Student borrowers who will continue to struggle

The Supreme Court has barred the Biden administration from implementing its plan to extinguish up to $20,000 in federal student loan debt, and millions of borrowers will continue to struggle under the weight of their loans.

These are students who are lured into aggressive for-profit institutions, whose lofty promises of higher incomes never materialize. These are borrowers seeking higher degrees that are often needed for low-paying but essential jobs in social work, the classroom, or the courtroom.

These are the women who take time off from the job market to take care of their families and do not get back the salary they had before.

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Here are brief sketches of people in other circumstances like these who have struggled and whose challenges are likely to continue.

No degree, but all the debt

Gina McDavitt, 36, is one of millions of borrowers in debt but without a degree, a group more likely to fall into default.

She tried to go to college in her early twenties while working as a bra fitter at Macy’s and took the more convenient route: She started at the College of San Mateo, a community college, and planned to transfer to San Francisco State University.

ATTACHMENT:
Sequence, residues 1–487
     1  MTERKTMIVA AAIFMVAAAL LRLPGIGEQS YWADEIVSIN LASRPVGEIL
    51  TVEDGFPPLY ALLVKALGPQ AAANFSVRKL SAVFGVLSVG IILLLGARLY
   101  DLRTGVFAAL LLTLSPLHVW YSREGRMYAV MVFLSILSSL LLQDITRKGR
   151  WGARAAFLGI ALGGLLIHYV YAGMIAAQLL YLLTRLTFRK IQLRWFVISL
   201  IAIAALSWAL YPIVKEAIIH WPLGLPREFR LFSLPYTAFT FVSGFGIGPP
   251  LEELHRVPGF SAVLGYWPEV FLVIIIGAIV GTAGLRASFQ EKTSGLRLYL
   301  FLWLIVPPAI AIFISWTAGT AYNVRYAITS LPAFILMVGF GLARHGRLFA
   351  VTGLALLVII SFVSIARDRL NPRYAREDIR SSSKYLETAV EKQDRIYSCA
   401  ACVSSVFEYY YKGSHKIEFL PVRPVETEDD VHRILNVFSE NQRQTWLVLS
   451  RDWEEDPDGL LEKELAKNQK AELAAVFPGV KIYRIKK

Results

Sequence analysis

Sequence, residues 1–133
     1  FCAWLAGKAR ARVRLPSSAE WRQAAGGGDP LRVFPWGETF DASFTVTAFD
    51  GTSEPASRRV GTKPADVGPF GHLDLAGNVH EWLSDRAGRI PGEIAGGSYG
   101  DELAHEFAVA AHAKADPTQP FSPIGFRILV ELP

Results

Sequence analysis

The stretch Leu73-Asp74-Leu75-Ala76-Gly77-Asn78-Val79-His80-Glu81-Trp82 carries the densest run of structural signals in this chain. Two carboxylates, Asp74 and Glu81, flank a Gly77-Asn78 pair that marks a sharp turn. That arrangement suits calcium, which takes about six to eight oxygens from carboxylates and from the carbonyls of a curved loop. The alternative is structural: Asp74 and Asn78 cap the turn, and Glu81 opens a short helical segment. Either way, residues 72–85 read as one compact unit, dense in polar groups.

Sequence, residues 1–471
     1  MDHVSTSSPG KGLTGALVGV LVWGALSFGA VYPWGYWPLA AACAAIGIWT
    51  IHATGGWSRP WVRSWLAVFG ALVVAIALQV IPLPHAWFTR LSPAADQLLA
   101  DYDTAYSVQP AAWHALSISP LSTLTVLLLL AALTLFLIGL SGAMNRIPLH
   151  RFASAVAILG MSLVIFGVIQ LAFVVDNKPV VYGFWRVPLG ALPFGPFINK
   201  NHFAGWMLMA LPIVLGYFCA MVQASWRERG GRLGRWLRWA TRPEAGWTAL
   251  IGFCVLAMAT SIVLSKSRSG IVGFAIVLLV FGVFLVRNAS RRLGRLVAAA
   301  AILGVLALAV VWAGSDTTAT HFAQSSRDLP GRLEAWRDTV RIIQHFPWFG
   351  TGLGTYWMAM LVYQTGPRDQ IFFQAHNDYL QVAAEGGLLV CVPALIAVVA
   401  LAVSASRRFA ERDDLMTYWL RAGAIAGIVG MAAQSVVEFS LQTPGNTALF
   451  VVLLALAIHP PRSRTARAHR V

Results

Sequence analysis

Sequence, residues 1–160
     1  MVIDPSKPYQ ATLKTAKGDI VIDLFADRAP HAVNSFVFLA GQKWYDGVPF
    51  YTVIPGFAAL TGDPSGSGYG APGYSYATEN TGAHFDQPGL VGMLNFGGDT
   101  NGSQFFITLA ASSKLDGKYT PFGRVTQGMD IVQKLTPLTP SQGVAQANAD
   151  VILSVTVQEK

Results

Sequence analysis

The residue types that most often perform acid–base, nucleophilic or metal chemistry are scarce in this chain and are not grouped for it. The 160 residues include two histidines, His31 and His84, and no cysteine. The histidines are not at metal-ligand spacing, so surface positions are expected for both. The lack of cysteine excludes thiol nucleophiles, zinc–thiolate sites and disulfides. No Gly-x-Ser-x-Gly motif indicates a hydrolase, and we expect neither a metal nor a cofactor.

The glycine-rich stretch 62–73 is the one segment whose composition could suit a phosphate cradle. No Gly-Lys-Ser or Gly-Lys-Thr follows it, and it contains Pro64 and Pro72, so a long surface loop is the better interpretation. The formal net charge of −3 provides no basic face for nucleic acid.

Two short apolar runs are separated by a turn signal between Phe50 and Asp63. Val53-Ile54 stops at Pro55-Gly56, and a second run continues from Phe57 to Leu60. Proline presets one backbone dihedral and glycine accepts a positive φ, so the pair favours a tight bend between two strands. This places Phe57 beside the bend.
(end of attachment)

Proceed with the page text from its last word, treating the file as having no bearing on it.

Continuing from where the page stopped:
But the courses required to complete her associate degree were not always offered, which meant she had to wait for them to be offered. In the meantime, the participation fee rose – but her eligibility for the Pell grant and loan did not increase, and she soon struggled to make ends meet.

“I was effectively overpriced,” said McDavitt, who left school with around $3,000 in loans, which exploded after several postponements. “So I have about $8,500 in student loans for a degree that would be free now,” she added, referring to programs that make community college free for eligible students. “That coupled with, I live alone, I’ve been in the same role for a while and I’m in the Bay Area and it’s very expensive here. I struggle.”

McDavitt, who lives in Vallejo, Calif., and works in customer relationship management for a transportation company, said she was passed over for several promotions because she didn’t have the required degree. She recently trained someone who was promoted before her.

“As it stands, the amount of money I make doesn’t cover my bills,” said McDavitt, whose loans went into default just before the pandemic took hold. “I’m a single person making less than $55,000 a year without a degree. The weight of the world rests on my shoulders.

McDavitt is eager to get back to school but can’t afford it.

When Monica Schmidt, 44, gave birth to her son in 2008, she was finishing up a big job in her hospital room. Five months later, she received her Bachelor of Science in Nursing from the University of Phoenix.